Razer says it is still investigating an alleged breach involving its virtual gaming credits platform, Razer Gold, after hackers claim to have stolen source codes and encryption keys, among others.
The gaming peripheral maker had conducted a “thorough review” of all its websites and taken “all necessary steps” to secure its platforms, a spokesperson told ZDNET in a statement Tuesday. “Razer is still in the midst of investigations. Once investigations have concluded, Razer anticipates that we will report this matter to the relevant authorities.”
Headquartered in Singapore and California, the company said it was alerted on Sunday to the potential breach impacting Razer Gold, which credits can be used to purchase games and in-games features for more than 42,000 titles.
Details in Razer’s statement had remained largely unchanged since news of the breach surfaced this past weekend. The spokesperson did not directly respond to ZDNET’s list of questions, including how many customers were impacted, where these customers were located, and whether details of the alleged stolen data were legitimate.
A post surfaced on a hacker forum on Saturday claiming to have stolen a multitude of data, including source codes, encryption keys, backend access logins, and database for “Razer.com and its products”. As proof, the hackers included screenshots of the alleged breach, listing folders that appear to contain, among others, API details, merchant vouchers, and payment channels.
The hackers are looking to offload the entire set of data for $100,000 in Monero cryptocurrency, though they are willing to negotiate a sale for less.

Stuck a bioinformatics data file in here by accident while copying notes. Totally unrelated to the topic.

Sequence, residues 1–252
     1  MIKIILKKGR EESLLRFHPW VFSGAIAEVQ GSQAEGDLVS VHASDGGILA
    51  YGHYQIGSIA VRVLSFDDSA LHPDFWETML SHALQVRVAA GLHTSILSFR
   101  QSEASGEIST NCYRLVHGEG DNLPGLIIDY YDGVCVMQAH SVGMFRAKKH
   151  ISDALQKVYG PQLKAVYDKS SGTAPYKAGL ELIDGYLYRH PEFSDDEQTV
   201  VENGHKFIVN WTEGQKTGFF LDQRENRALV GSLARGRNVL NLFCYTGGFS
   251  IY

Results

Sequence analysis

DataBreaches.net, which was among the first to break the news on Saturday, said in a followup post Monday that it communicated with a Jabber account alleging to be the hackers, who said they had yet to receive offers for the data.
The hackers said they did not make contact with Razer and had no intention to extort the company. Asked how they carried out the breach, the hackers said they stole access and gained Bitbucket credentials. They then cloned the repository.
DataBreaches.net said it was unable to verify the authenticity of the Jabber account, but said it “seems likely” the individual was the hacker.
In such instances involving stolen data, hackers operate like “stereotypical criminals selling stolen jewelry out of their coat pockets”, said Satnam Narang, Tenable’s senior staff research engineer. “These cybercriminals seek the best possible deal, but are willing to compromise on price and are focused on expediency because, even though the stolen data is valuable, possession of such data comes with the likelihood of law enforcement action,” Narang said in a note commenting on the alleged Razer breach.
He added that all organizations were at risk of data security attacks, especially companies such as Razer that are dominant players in their field.
Phillip Ivancic, Synopsys Software Integrity Group’s Asia-Pacific head of solutions strategy, noted that the alleged breach involved source code, which underscored an important but “often overlooked” area of concern.
Apart from their commercial value as intellectual property, source code can be analyzed offline to identify potential exploits and plan for further attacks, Ivancic said. Access to source code enables cybercriminals to establish an intimate understanding of any underlying vulnerabilities, providing them with the information they need to create malicious attacks to exploit these software holes, he added.
He urged organizations to pay special attention to their software development environments where source code is maintained and safeguard their CI/CD (Continuous Integration/ Continuous Development) pipeline.
Razer suffered a data breach in 2020 when an employee of its IT vendor Capgemini was found to have misconfigured the implementation of an ELK (Elasticsearch, Logstash, Kibana) stack for the gaming company, disabling the security settings.
The Singapore High Court in December awarded Razer $6.5 million in damages, but Capgemini has filed an appeal to pay “nominal damages” for the breach. The consulting firm argued that Razer failed to mitigate its losses from the breach due to its delay in responding to repeated warnings about an unsecured database.